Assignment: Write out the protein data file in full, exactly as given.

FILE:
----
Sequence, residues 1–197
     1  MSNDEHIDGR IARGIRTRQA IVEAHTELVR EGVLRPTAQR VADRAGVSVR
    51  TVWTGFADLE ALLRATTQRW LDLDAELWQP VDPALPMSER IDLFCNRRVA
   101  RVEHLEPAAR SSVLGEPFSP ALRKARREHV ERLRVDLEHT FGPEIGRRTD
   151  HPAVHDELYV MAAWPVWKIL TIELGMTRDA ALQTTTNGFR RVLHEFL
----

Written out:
Sequence, residues 1–197
     1  MSNDEHIDGR IARGIRTRQA IVEAHTELVR EGVLRPTAQR VADRAGVSVR
    51  TVWTGFADLE ALLRATTQRW LDLDAELWQP VDPALPMSER IDLFCNRRVA
   101  RVEHLEPAAR SSVLGEPFSP ALRKARREHV ERLRVDLEHT FGPEIGRRTD
   151  HPAVHDELYV MAAWPVWKIL TIELGMTRDA ALQTTTNGFR RVLHEFL